What’s the point of a tail, you might wonder? After all, we humans seem to manage perfectly well without one. But this extra appendage does a vital job for most animals, from propulsion (crocodile) and counterbalance (cheetah) to seduction (widowbird) and signposting (warthog). In fact, a brief glance at some of Africa’s more notable exponents of tail power might just leave you wondering what you’re missing. By Mike Unwin.
Male widowbirds of the Euplectes genus, such as the long-tailed widow (Euplectes progne), develop outrageously long tail feathers in the breeding season. These extravagant plumes form a jet black train, which the bird flaunts by cruising low over its grassland territory in a slow, flapping display flight. The object is to attract a mate – and research using artificially lengthened plumes has demonstrated that females do indeed go for males with the longest tails. There is, inevitably, a trade-off: the males’ tails make them both very conspicuous to predators and very slow to escape. Small wonder, then, that they shed their finery as soon as the breeding season is over.
The short, tufted flywhisk of a spotted hyena may not be nature’s most impressive tail, but it is fundamental to the animal’s complex lexicon of body language. Hyenas have a strictly hierarchical society and they deploy their tail – along with their ears, mane, voice and posture – to convey both rank and mood. A dominant individual will hold its tail high, often curling forward over its back; a subordinate one will lower its hindquarters and curl its tail below its belly. When approaching an individual of unknown rank the tail flicks hesitantly, inviting clarification. This social semaphore extends to dealing with other species: hyenas driving a lion off its kill do so with tails held high.
The fierce Kalahari sun sends most creatures heading for the shade. But not the cape ground squirrel. This enterprising rodent creates its own shade by holding its long tail forward over its body like a furry parasol. Thus protected, it continues its vigorous quest for roots and seeds in temperatures that would fry the brains of many other creatures. The tail also supports the squirrel while it stands upright to scan for danger. And if that danger materialises in the form of a deadly snake, the squirrel flourishes its tail like a matador’s cape, provoking the reptile into futile strikes until it gives up and slithers away.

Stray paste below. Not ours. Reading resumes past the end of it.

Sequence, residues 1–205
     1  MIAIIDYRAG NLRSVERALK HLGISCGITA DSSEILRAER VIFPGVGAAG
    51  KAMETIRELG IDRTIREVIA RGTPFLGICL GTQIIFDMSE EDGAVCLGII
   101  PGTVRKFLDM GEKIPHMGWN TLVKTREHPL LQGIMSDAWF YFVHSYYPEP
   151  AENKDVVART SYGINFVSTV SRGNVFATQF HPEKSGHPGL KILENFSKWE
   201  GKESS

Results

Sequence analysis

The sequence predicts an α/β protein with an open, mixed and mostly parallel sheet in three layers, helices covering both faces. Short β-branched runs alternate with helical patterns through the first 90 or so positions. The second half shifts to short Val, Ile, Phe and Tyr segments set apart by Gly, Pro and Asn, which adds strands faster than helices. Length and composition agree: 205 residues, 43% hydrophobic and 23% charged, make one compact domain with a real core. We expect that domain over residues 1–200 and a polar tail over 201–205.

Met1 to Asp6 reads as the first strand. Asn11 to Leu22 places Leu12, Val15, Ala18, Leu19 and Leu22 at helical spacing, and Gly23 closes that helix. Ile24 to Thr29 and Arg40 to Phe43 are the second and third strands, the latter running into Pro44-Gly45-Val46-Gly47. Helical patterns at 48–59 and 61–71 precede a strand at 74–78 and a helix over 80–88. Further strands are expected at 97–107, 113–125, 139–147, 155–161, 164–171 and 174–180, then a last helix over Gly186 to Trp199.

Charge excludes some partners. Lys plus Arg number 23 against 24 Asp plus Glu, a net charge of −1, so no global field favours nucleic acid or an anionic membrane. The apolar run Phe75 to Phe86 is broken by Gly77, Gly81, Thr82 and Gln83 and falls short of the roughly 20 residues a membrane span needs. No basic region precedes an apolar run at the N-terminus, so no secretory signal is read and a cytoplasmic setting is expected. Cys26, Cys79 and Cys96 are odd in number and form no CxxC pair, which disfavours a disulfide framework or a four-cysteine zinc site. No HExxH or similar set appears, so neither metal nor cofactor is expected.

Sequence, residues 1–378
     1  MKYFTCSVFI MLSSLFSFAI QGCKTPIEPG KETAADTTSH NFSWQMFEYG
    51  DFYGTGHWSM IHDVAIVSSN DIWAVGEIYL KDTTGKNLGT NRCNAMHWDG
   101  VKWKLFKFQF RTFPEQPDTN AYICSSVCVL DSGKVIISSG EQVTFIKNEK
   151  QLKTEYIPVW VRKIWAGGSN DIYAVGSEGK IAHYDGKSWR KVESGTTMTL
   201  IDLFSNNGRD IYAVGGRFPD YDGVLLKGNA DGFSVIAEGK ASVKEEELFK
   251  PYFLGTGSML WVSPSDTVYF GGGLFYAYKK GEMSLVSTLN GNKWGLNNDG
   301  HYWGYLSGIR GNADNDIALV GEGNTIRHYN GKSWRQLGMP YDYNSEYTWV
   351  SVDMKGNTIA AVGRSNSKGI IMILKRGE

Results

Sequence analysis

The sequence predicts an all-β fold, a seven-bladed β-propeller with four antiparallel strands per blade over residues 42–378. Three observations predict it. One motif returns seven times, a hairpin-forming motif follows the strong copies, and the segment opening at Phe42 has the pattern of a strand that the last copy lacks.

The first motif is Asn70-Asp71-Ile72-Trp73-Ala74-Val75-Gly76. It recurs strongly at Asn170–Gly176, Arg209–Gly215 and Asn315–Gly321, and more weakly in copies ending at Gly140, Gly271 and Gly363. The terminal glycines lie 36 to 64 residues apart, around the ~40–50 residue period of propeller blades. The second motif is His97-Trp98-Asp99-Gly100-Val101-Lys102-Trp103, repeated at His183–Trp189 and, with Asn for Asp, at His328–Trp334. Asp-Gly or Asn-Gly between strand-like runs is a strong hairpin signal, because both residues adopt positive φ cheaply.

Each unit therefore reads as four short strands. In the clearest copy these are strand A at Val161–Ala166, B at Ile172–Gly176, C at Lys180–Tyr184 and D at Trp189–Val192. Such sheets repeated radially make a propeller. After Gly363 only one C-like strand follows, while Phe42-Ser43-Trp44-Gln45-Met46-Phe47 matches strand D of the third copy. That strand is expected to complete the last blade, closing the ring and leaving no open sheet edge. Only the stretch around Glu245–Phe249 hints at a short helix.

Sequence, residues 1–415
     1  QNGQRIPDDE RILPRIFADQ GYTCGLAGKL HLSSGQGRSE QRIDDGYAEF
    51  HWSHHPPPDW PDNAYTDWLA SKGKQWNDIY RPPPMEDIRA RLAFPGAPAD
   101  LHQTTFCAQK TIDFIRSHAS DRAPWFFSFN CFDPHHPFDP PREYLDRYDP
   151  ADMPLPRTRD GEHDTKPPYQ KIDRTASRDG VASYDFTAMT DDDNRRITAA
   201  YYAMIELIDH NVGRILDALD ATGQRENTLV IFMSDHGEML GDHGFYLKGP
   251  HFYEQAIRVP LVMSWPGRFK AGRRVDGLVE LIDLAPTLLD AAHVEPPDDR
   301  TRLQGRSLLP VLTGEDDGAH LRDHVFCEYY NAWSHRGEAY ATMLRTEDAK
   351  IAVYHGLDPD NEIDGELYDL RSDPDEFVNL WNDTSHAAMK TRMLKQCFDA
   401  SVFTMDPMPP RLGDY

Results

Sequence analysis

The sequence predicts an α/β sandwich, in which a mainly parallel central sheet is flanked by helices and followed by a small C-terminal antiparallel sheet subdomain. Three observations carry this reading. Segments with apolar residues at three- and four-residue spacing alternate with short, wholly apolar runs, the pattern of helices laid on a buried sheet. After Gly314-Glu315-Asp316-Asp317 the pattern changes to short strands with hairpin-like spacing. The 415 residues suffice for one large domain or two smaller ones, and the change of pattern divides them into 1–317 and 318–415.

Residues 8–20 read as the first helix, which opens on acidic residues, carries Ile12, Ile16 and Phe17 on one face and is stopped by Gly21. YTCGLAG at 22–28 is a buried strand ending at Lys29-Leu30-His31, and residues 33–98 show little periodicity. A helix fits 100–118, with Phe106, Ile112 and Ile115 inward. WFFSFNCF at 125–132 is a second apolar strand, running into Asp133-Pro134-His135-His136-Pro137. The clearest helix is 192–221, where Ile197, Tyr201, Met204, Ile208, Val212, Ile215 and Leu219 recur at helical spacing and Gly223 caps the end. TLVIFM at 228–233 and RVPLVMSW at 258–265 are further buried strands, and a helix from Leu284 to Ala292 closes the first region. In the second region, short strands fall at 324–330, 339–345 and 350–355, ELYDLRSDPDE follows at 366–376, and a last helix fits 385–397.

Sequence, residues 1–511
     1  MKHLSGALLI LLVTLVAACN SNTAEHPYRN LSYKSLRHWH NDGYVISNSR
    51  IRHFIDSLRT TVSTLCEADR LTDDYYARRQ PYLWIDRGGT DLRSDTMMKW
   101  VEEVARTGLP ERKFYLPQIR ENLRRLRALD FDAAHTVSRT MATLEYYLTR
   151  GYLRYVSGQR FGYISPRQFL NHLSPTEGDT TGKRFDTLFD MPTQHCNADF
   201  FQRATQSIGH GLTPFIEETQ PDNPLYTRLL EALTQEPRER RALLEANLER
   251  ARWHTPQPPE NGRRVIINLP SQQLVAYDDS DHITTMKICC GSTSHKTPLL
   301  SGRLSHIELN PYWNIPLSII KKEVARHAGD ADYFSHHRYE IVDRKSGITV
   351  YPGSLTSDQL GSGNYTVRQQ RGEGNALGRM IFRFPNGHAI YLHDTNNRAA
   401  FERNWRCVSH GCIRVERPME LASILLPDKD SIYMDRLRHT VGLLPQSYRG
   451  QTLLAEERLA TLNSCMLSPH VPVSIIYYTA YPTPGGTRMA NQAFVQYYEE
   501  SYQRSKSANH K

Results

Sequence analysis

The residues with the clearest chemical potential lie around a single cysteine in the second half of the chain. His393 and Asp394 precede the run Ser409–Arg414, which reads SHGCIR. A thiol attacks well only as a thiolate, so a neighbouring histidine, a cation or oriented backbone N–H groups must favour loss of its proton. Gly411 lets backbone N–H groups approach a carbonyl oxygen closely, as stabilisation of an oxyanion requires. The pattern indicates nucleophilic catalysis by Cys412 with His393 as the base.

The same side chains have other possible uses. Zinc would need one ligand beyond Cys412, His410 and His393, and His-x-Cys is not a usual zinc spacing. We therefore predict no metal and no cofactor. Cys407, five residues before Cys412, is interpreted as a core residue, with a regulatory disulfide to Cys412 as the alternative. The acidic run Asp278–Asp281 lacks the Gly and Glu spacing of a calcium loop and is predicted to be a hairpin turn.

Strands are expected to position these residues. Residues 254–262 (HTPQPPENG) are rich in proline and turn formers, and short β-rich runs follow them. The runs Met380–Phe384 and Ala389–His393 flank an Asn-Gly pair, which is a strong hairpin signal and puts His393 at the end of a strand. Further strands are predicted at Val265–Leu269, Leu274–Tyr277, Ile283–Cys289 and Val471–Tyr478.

Linger long by an African river and you might just hear the sound of applause. But the apparent volley of clapping echoing across the water may well be coming from the rear end of a hippo. These massive amphibious mammals use their stubby little tails to engage in dung-scattering wars at their territorial boundaries. The rules of engagement are simple: one male stands up in the water, stares out his adversary and then – backing into position – lets fly, switching his tail back and forth to shower the dung over his rival. The noise alone sends a strong message to rivals further afield. A hippo also uses this same technique to demarcate its territory on land.
No matter how impressive your tail, there are times when it must make the ultimate sacrifice. Many smaller lizards, such as this speckled day gecko (Phelsuma guttata) will shed their tail when caught by a predator. The still-wriggling member diverts the pursuer, allowing the lizard to dash for safety. To enhance this defence tactic, some species have a tail brighter than the rest of their body, making it a more visible target. Most tail-shedders do so by contracting the muscles in front of weak spots in their tail vertebrae – a trick known as intravertebral autonomy. The tails can regenerate. The new appendage consists of tough cartilage, rather than bone, and a joint or change in colour usually marks the spot where the old one broke off.
Originally published in Travel Africa edition 52, Autumn 2010